Amazon's quarterly results foreshadow more pain for retailers

What Macy's, Kroger learned from Amazon earnings

CINCINNATI - Amazon Inc. reported higher revenue and lower profit margins in its North American operations in the second quarter, continuing a trend that could negatively impact brick and mortar retailers such as Macy’s Inc. and Kroger Co.

Amazon surprised Wall Street with sharply lower profits of $197 million on revenue of nearly $38 billion. The earnings miss sent Amazon shares down about 3.5 percent in Friday trades and caused other technology stocks to fall as well. Macy's stock declined 1 percent early Friday to $23.95, while Kroger was up a half percent to $24.09.

WCPO reported this week that local analysts were watching Amazon’s earnings report for signs that the Seattle-based juggernaut is continuing to sacrifice profits for market share gains against traditional retailers.

Amazon’s North American sales growth of 25 percent was higher than many analysts expected, while its North American profit margin of 2.4 percent was the lowest in at least five quarters. Both are signs that Amazon is “caring less about profitability as opposed to capturing market share for the long term,” said Joseph Edelstein, an equity analyst at Johnson Investment Counsel.

Amazon is making huge investments in warehouse and distribution centers, like the $1.5 billion cargo hub it's building in Hebron, Kentucky, a project that could boost its local employment to more than 6,000.

The company rarely delivers much detail about its operating strategies, but Chief Financial Officer Brian Olsavsky did tell analysts Thursday that cost control is now an objective for the company as it ramps up its Prime Now infrastructure to make two-hour deliveries in 50 cities and eight countries.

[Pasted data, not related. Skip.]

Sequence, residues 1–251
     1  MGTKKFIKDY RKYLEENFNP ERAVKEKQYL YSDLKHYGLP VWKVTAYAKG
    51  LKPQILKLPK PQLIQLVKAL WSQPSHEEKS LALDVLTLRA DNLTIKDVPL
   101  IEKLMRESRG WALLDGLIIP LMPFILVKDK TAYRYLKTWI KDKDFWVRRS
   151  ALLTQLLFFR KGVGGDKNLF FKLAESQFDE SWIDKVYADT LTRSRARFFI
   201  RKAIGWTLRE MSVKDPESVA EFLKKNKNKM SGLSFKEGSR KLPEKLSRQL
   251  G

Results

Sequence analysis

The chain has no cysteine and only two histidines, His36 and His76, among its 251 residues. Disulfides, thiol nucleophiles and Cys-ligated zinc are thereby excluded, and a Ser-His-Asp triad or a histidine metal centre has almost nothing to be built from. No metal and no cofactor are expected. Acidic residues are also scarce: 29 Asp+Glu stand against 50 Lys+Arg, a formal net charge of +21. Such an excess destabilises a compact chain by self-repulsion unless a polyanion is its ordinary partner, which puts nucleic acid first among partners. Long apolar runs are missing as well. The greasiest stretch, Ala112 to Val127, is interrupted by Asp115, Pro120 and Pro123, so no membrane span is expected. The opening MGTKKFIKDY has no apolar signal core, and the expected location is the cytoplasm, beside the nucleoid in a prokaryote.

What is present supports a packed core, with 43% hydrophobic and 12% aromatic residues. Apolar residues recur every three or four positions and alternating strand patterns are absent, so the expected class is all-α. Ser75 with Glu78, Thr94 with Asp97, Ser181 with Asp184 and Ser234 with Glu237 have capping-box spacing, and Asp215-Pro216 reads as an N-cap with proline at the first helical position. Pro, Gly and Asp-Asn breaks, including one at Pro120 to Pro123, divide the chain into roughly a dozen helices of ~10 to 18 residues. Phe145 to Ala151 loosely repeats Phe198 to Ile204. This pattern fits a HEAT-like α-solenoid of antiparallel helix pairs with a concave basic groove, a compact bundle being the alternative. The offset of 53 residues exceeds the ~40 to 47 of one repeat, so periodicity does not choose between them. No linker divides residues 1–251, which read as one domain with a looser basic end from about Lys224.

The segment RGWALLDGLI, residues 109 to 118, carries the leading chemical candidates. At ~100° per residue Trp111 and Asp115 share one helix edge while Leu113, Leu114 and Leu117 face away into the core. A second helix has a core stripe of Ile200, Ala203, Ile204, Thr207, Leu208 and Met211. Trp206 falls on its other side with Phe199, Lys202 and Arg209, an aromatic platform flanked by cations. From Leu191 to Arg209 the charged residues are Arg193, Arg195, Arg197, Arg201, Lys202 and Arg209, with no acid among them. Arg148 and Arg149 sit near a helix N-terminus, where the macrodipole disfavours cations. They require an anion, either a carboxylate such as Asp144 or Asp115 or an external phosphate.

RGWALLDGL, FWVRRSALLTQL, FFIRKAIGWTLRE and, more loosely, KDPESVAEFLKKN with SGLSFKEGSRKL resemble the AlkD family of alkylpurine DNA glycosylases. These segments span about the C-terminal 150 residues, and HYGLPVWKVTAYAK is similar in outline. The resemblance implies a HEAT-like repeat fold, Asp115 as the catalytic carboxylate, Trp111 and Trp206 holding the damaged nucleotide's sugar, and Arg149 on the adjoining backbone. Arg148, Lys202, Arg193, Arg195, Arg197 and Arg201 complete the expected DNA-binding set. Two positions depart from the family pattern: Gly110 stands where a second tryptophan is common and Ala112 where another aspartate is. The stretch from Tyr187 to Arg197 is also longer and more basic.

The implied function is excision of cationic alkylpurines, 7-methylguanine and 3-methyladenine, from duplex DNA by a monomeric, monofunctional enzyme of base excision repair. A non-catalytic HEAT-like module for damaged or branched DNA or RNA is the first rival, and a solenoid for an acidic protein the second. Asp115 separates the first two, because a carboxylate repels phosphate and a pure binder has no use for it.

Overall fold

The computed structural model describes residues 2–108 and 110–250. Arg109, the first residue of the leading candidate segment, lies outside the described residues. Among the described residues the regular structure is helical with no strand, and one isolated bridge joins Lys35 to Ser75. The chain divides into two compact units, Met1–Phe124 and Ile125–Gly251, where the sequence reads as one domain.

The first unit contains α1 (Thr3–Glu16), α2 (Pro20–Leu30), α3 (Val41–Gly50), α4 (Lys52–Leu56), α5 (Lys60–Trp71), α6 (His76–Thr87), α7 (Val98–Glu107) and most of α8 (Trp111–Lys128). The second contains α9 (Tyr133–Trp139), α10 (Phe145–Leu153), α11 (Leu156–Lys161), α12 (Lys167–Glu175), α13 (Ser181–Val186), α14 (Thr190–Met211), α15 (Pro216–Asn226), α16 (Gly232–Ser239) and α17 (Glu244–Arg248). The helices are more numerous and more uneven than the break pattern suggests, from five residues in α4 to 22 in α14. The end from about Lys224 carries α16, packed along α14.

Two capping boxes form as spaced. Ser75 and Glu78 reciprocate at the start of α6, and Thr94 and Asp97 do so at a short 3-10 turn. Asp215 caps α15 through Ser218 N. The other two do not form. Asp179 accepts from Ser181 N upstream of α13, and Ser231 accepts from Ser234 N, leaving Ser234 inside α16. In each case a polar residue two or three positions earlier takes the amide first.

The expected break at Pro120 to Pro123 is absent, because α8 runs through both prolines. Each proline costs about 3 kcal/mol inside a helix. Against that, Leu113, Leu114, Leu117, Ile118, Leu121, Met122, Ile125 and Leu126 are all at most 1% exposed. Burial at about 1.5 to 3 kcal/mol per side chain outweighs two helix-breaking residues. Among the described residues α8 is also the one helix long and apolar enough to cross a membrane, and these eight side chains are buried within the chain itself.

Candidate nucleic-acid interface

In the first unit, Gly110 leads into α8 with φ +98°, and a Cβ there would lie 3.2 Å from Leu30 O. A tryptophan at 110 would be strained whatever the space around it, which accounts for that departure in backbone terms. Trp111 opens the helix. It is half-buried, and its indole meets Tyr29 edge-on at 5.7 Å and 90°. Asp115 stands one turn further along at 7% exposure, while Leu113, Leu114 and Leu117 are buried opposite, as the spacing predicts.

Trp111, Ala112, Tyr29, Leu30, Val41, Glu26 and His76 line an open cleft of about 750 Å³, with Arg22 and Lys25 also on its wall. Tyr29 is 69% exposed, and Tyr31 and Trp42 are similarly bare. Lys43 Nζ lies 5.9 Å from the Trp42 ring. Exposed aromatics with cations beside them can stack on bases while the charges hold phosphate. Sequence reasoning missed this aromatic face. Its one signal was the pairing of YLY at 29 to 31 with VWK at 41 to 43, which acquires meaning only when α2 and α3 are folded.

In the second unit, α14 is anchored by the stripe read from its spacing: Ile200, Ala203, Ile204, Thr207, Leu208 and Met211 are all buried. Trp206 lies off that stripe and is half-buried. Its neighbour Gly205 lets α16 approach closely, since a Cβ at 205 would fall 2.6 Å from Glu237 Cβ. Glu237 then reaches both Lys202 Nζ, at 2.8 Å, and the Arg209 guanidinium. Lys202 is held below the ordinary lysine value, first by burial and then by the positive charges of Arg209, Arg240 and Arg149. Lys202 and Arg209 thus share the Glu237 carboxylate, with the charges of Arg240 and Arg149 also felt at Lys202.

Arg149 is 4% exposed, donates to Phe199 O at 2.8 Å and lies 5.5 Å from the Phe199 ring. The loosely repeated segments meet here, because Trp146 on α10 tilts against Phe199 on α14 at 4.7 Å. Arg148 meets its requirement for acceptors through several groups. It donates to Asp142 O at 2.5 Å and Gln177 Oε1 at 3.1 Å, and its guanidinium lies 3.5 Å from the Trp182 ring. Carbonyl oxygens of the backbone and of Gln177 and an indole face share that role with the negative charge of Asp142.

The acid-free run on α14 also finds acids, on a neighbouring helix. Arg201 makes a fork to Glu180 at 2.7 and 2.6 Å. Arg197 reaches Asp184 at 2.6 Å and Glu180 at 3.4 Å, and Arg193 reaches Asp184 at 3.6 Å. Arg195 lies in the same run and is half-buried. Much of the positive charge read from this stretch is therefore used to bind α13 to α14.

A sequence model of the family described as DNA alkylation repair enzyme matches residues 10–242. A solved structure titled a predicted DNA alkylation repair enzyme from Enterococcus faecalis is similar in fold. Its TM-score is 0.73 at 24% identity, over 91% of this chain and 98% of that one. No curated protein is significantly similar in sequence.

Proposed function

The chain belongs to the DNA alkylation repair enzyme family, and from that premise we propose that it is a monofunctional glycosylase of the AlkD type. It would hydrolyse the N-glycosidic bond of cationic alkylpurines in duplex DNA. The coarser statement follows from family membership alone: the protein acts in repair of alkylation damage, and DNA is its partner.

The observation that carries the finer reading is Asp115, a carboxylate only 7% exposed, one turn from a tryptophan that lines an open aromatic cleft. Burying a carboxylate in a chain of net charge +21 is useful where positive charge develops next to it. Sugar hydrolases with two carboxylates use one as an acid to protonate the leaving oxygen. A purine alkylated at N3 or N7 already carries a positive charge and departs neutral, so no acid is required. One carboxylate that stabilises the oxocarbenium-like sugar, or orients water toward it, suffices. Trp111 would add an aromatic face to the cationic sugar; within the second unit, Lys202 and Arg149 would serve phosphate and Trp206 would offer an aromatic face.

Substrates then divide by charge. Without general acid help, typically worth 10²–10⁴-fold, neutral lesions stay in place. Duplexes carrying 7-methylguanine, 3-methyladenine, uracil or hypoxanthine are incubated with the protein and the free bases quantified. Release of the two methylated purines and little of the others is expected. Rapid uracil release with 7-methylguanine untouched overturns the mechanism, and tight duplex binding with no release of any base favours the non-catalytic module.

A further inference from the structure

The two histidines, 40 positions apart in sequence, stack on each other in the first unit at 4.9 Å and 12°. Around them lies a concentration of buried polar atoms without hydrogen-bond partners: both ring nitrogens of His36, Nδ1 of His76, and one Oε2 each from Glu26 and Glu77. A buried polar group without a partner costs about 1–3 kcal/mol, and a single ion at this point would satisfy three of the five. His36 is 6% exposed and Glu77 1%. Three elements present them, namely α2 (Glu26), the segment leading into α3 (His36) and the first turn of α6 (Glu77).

“That is a service that customers love,” he said. “That’s not an inexpensive service, though. So, we’re constantly working on our cost of delivery and our route densities. We like what we see and we’ll continue to expand that and we’ll be working very hard on making that not only a valuable Prime offering, a Prime benefit, but also a lower-cost operation as well.”

Investors hoping for new insight on Amazon’s approach to the grocery business came away from the call with little new information. Amazon didn’t include profit and sales projections in its future guidance because its $13.7 billion acquisition of Whole Foods Market hasn’t been completed.

But Olsavsky did reveal that the company will continue to experiment with brick and mortar formats that include no cashiers and phone-based payment systems – along with home delivery options like Amazon Fresh.

“There’ll be no one solution,” Olsavsky said. “We’re experimenting with a number of the formats from physical pickup points in Amazon Go to online ordering and delivery to your door through Prime Now and Amazon Fresh.”

Beyond those sparse disclosures, Amazon was a topic of conversation in at least five retailer earnings calls Thursday, including Starbucks Corp., Carter’s Inc. and Penske Automotive Group Inc.

“I see Amazon as an operator that can buy things and very successfully, through super logistics, get items to the customers,” Roger Penske told an analyst who asked about the Amazon threat to retail. “Now, when you start to have to assess service requirements, you have to have service shops. You have to have trained technicians and you have to have franchise agreements to do warranty. I think it's a long day before they're going to get into the service business on vehicles.”

Starbucks CEO Kevin Johnson added this observation: “The entire retail sector is going through this massive disruption and it’s clear that the winners coming out of this are going to be those companies who find elegant ways to bring an in-store experience together with a digital experience.”

Carter’s, a children’s clothing manufacturer and retailer, told analysts that at new partnership with Amazon is “off to a strong start,” expected to accelerate its 25 percent growth in e-commerce.

Carter’s launched a new brand for Amazon Prime customers called Simple Joys. It’s a multi-pack offering of infant apparel that’s targeted to young families.

“According to third-party research, our e-commerce business was the second largest contributor to the growth in online sales of young children’s apparel last year, second only to Amazon,” CEO Michael Casey said. “We (e-commerce) as a traffic driver to the stores. Some of the new omnichannel capabilities, being able to buy online and then pick up the product in the store that’s been a nice source of growth for our stores as well.”

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